I just heard that HC will stop presenting alumni sponsored book prizes to worthy high school students after this year. I am sorry to see that. As a pre-paid sponsor, I had a balance which the school is willing to keep as a donation on my part to Holy Cross, or refund to me. Since I had no input on the decision to terminate the prize (and only heard about it ex post facto), I am tempted to just take the money back and give it to th school o which HC used to donate a book. I imagine the school decided he time (no expense to HC) was not worth the effort. That s too bad. Perhaps books are things of the past (which, as a historian, I do not see as a "bad" thing). I simply hate to see HC make decisions that seem to isolate us more and more.
Back in the day it was a dictionary and thesaurus. These two books are outdated today. They changed it to book written by noteworthy alums. In the 20th century, every kid going to college could have used a dictionary and thesaurus. The school was probably getting feedback that the books by HC authors weren't as well received.
On a slightly off note, as of like two years ago, they were looking for sponsors for target schools. Schools in targeted areas that HC didn't have a lot of students from. Most book prizes were sponsored by alums from a given high school or alums now living in that town. Tough to get sponsors in an area where you don't have many alums so are targeting to increase yield
While the book prize did provide an opportunity for HC to be mentioned at a particular high school’s academic e convocation, unfortunately the yield of students applying to HC, as well as matriculating at HC was relatively low.
What was missing was a proactive program to aggressively recruit these recipients as students highly sought by HC. Some colleges waive the application fee, as well as have a special invitation sent to attend a presentation on campus during the summer following their junior year.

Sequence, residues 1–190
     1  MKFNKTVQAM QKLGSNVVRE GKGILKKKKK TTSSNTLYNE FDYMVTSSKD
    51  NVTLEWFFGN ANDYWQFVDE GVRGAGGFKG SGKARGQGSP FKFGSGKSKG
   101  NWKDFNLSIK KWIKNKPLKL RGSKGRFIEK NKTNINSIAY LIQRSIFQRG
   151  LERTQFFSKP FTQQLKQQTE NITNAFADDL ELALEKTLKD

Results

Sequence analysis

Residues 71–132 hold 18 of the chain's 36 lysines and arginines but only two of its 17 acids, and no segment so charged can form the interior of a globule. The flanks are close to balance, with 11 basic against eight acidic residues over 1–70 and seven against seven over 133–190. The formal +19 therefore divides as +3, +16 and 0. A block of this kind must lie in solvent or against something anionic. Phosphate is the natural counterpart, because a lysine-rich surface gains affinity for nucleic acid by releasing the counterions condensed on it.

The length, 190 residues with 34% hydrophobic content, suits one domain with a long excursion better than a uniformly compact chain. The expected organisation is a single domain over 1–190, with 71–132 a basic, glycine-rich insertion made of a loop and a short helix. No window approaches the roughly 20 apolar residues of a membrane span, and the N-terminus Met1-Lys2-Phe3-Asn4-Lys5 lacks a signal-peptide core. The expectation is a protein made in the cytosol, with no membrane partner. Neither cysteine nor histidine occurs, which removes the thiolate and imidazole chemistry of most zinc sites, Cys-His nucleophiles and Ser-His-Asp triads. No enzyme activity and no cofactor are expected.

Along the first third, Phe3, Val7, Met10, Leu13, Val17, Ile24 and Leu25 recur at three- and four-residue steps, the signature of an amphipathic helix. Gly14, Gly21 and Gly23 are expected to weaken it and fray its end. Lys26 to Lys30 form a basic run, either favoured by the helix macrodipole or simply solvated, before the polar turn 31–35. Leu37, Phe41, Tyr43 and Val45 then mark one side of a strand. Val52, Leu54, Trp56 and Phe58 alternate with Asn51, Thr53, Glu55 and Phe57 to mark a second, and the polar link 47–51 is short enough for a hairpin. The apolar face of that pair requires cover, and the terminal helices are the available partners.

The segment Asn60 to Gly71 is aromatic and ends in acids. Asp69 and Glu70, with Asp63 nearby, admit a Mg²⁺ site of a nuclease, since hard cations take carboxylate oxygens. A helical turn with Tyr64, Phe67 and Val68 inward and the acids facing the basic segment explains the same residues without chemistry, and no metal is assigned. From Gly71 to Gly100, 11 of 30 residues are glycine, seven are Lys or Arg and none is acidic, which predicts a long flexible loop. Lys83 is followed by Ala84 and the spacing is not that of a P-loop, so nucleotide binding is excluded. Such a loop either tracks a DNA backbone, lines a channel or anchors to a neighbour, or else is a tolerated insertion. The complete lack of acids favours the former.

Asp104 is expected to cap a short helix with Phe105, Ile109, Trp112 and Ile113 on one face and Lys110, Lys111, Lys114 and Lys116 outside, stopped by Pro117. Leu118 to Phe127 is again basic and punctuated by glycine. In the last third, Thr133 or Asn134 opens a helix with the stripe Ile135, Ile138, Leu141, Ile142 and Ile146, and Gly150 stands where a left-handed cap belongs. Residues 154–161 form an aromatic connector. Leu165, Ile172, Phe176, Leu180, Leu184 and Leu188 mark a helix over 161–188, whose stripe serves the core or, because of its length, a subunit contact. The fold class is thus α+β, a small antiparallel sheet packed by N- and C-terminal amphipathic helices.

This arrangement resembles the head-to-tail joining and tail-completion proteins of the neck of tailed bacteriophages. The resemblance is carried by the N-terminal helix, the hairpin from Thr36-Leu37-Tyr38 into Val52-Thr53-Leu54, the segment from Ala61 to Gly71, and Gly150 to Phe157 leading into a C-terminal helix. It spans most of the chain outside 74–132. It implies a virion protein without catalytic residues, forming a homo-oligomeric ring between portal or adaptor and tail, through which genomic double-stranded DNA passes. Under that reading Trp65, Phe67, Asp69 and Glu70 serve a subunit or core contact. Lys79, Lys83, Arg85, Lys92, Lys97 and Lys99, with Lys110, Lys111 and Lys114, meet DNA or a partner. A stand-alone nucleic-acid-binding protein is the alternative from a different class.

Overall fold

My daughter won a book prize from a school ranked higher than HC in US News, when she was a junior. That school had a very proactive plan regarding recruiting their book prize recipients.
Oh well! A lost opportunity.
If you disagree with the decision, you should contact the Admission office regarding your disappointment. They made the decision without final input from the alumni who sponsored the prize.
Last Edit: May 9, 2019 13:14:33 GMT -5 by Crucis#1
I suspect that Book Prizes, like many things today ... newspapers, VCRs, land lines ... are becoming a thing of the past. Curious if others with recent High School graduates have observed the same thing or have similar anecdotes ...
As a junior in High School in the spring of 1980, I received a book prize from a noted elite university to the east of Worcester that rhymes with Schmarvard. I'm pretty sure the book was an encyclopedia of western civilization/history. No idea where that book is now, but my guess is my parents found it when cleaning out the house before retiring and assumed it belonged to my brother, a history PhD student at that time.
As an aside, the thank you note my mother (rightfully) had me pen to the family that donated the book was torture for this 17 year old. What to say ?? ... Thanks for the book and ummm ... maybe I'll use it at some college I'm not in yet ... ummm
I think there were at least a dozen other kids in my class that received similar books from many other prestigious schools across the country.
Fast forward to 2008 thru 2014 and my kids "undergraduate" award ceremonies in high school. Can only remember 3 Book Prizes at my kids' high school - and yes one was a Holy Cross Book. I'll grant there may have been others, but nowhere near the dozen or more given when I was in High School.
As to Holy Cross, I see no harm in continuing the tradition if folks want to fund them, but kind of like the Turnpike Trophy, don't think they make the impact in terms of HC brand awareness and/or subsequent applications they once may have. Internet, social media, and the Common App likely diminished any benefit they may have had back in the day.